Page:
Legal Internships Give Students Opportunities to Serve Their Communities
Last semester, two Heritage students took a different route to work than normal. In January, they began six-month fellowships at two local organizations, working with attorneys to get a sneak peek at what a law career might look like. The program is called The American Rural Communities (ARC) Law & Policy Fellowship, and it was launched last year as a collaborative between Heritage, Columbia Legal Services (CLS), Northwest Immigrant Rights Project and PopUp Justice.
HANDS-ON, REAL-WORLD EXPERIENCE BUILDS STUDENT SKILLS AND CONFIDENCE
Senior Noemi Sanchez, a history major, joined Columbia Legal Services as an intern-fellow and junior Maria Rivera, who is studying criminal justice and history, joined the Northwest Immigrant Rights Project. The non-profits provide legal services to underrepresented populations in the community. CLS advocates for laws that promote social, economic and racial equity for those in poverty, often through class action litigation. Northwest Immigrant Rights Project devotes itself to supporting immigrants through advocacy, legal services and education.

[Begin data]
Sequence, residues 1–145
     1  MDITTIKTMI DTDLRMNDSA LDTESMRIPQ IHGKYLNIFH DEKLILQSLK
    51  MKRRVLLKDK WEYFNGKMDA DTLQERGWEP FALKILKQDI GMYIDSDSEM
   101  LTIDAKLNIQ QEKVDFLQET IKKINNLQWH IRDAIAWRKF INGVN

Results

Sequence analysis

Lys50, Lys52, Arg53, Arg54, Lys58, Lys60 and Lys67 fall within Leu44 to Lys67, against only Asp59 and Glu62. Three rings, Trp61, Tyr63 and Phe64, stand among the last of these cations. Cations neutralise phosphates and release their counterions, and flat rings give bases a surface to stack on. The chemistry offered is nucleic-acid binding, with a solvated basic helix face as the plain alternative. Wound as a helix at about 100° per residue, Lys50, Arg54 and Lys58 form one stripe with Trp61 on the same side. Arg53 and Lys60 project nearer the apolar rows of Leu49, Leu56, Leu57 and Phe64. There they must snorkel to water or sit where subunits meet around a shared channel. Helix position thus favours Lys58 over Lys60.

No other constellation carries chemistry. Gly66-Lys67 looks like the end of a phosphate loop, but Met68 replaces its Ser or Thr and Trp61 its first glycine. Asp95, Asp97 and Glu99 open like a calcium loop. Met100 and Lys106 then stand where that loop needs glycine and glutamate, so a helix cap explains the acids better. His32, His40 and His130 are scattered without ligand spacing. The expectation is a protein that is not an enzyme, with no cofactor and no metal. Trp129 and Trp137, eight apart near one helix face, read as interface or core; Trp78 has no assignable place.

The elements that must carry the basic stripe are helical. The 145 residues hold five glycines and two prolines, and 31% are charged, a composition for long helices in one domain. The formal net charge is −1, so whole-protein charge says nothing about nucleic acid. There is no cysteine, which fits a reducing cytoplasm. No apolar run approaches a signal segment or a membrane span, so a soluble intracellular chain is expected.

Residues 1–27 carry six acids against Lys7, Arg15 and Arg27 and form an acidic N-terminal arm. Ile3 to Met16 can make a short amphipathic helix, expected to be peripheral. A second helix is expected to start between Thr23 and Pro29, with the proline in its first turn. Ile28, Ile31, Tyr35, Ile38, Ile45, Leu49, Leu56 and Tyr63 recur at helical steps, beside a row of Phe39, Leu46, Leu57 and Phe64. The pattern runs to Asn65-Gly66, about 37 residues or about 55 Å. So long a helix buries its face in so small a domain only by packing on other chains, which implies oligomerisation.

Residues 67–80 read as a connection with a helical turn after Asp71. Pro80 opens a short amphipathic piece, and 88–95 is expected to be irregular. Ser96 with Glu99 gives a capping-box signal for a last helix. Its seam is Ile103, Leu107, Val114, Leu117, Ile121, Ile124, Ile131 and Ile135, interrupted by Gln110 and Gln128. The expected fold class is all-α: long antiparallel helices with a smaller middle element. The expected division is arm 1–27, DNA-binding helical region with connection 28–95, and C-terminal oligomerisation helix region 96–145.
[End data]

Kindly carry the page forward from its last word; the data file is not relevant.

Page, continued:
During these internships, the students were mentored by practicing attorneys and gained practical, professional skills as well as learned about experiences other attorneys had in law school and in their careers – especially as people of color. In addition, the students promoted and were guests at a set of workshops called the Lunchbox Series. The series brought together experts in law and social justice who are advocates versed in the diversity and unique aspects of rural communities to share thoughts, provide guidance and answer questions.
The organizations maximized the students’ skills and their enthusiasm to dive in, introducing them to cases and tasking them with projects like conducting client interviews; gathering, organizing and cataloging research; and distributing information about resources through community outreach.
LIVED EXPERIENCE LEADS STUDENTS DOWN DIFFERENT LEGAL PATHS